|dc.description.abstract||The purpose of this study was to gain a realistic insight into the delivery of inclusive practice in physical education, particularly within key stage three and four, from the views of the subject teachers. Moreover it identified the barriers in its implementation and their objective in aiming to fully practice inclusion. The overall picture of the delivery of inclusive practice in physical education today was also explored in relation to the differences between independent and state schools in England.
This study employed a qualitative methodology in which semi-structured interviews were used in order to allow for the collection of rich and in-depth data. Six physical education teachers were used in the study from three schools in the English county of Gloucestershire; two independent schools and one state school. The interview covered topics which included; the definition of inclusive practice, its achievability, the effective teaching of physical education, and the barriers of inclusive practice for example gender, time allocation, finance and facilities.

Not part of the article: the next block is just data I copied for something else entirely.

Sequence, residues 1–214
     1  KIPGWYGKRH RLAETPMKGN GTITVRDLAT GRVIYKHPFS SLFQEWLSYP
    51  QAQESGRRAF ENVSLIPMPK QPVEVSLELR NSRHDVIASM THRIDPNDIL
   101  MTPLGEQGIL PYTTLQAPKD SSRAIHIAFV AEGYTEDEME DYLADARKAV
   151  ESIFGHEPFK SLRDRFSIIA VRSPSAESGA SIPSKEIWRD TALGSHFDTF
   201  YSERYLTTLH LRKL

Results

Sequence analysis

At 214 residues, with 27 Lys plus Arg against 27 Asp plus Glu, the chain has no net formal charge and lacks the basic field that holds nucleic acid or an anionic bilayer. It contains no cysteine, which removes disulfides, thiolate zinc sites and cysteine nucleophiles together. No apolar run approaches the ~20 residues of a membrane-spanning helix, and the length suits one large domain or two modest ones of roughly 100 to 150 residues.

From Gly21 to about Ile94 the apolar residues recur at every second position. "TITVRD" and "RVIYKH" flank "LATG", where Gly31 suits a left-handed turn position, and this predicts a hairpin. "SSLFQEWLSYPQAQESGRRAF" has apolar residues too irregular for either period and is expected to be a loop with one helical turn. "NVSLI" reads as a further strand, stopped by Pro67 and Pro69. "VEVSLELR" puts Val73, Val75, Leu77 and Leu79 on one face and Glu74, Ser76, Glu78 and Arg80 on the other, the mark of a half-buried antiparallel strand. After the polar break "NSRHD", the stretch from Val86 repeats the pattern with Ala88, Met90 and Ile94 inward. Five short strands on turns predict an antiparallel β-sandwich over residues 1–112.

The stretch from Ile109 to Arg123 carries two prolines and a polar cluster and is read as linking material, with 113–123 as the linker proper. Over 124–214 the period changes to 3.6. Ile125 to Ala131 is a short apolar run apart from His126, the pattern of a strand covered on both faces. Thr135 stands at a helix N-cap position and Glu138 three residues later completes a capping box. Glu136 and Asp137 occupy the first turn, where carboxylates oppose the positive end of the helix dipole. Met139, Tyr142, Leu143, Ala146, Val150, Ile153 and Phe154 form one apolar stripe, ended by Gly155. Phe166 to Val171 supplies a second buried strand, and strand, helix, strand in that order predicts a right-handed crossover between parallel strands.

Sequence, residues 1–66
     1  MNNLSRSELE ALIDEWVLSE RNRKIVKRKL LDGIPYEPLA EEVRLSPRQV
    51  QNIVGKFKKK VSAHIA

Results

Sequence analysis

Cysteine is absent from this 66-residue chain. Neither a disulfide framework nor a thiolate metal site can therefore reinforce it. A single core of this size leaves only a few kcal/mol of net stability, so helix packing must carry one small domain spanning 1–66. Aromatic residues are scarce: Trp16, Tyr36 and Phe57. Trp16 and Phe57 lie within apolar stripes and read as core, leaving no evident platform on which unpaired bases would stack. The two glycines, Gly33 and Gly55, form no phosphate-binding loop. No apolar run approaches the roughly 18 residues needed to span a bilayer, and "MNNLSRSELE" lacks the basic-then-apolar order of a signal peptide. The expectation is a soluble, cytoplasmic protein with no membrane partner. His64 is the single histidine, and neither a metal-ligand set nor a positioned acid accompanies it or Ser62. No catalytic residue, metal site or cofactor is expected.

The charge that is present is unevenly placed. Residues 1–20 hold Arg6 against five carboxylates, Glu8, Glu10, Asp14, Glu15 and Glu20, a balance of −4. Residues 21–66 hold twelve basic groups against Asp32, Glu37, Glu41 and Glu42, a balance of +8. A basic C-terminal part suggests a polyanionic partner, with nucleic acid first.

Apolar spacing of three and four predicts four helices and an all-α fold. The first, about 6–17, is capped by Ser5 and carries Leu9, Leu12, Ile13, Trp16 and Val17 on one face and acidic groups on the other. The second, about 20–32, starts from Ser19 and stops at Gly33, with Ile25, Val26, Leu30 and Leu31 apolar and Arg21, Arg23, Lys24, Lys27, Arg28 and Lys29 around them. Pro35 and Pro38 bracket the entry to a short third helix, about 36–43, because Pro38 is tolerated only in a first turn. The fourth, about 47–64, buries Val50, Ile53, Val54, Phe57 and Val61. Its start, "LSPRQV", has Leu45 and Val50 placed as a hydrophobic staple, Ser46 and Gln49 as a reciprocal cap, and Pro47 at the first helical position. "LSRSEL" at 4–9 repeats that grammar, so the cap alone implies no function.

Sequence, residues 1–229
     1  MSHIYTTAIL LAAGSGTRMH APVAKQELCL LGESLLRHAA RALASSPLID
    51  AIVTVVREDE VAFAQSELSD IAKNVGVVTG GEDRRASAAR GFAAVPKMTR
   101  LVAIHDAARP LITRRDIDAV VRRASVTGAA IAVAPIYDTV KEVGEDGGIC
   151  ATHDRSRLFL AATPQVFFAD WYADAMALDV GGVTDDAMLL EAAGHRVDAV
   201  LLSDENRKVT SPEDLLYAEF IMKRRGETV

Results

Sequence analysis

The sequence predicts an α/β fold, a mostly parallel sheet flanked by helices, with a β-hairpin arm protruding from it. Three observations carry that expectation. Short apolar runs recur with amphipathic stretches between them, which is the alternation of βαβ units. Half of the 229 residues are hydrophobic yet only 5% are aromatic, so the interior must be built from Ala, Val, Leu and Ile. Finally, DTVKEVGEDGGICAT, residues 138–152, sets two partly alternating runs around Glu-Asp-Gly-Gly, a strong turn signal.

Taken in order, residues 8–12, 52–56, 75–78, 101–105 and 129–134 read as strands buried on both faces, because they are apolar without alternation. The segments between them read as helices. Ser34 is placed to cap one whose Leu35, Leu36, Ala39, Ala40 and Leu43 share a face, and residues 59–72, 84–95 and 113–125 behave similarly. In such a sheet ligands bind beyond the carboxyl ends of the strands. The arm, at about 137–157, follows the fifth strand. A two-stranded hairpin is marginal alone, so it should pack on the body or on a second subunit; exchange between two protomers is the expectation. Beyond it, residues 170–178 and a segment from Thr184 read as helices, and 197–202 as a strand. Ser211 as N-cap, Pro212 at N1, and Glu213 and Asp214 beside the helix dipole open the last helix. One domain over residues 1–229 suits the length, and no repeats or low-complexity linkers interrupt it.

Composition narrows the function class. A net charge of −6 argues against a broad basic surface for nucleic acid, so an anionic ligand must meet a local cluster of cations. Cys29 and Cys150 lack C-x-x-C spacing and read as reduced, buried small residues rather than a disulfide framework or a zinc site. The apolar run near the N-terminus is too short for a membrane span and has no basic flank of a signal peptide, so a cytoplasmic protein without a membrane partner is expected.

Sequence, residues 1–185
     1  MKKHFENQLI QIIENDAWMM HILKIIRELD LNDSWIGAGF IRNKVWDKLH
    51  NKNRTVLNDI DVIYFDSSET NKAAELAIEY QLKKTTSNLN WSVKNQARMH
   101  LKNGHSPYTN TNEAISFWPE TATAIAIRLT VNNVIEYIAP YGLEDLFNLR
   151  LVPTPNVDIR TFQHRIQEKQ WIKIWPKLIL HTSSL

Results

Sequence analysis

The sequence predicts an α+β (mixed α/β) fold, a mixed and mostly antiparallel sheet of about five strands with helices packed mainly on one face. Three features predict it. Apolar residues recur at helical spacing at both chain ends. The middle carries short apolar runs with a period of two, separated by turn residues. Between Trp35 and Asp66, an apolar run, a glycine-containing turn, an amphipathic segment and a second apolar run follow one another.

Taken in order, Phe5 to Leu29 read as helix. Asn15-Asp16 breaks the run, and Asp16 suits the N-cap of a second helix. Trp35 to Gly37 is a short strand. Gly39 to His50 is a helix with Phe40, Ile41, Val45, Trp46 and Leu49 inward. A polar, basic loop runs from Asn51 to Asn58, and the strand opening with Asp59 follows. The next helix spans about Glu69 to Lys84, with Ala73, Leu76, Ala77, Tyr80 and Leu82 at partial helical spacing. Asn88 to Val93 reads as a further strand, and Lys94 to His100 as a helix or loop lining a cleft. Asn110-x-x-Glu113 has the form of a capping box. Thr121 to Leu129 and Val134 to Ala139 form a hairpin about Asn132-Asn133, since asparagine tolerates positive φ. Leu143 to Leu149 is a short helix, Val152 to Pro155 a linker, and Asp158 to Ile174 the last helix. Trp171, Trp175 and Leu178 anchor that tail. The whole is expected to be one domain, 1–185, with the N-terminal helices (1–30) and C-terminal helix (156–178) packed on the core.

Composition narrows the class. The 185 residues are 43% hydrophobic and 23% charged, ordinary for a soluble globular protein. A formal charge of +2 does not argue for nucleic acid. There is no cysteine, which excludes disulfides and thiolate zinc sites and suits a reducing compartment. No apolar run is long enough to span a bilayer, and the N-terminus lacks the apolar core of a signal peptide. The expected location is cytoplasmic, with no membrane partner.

The conclusions drawn from this study show that irrespective of the school, an understanding of the definition of inclusive practice and its barriers was achieved based on the data collected and from the literature examined. Many key issues arose from the in-depth analysis, allowing for the true realities of its implementation to be examined. The PE teachers’ views exposed the realities and truth behind the effective teaching of inclusive practice, its barriers and the solutions in addressing this issue, as well as distinguishing the differences in school sectors.||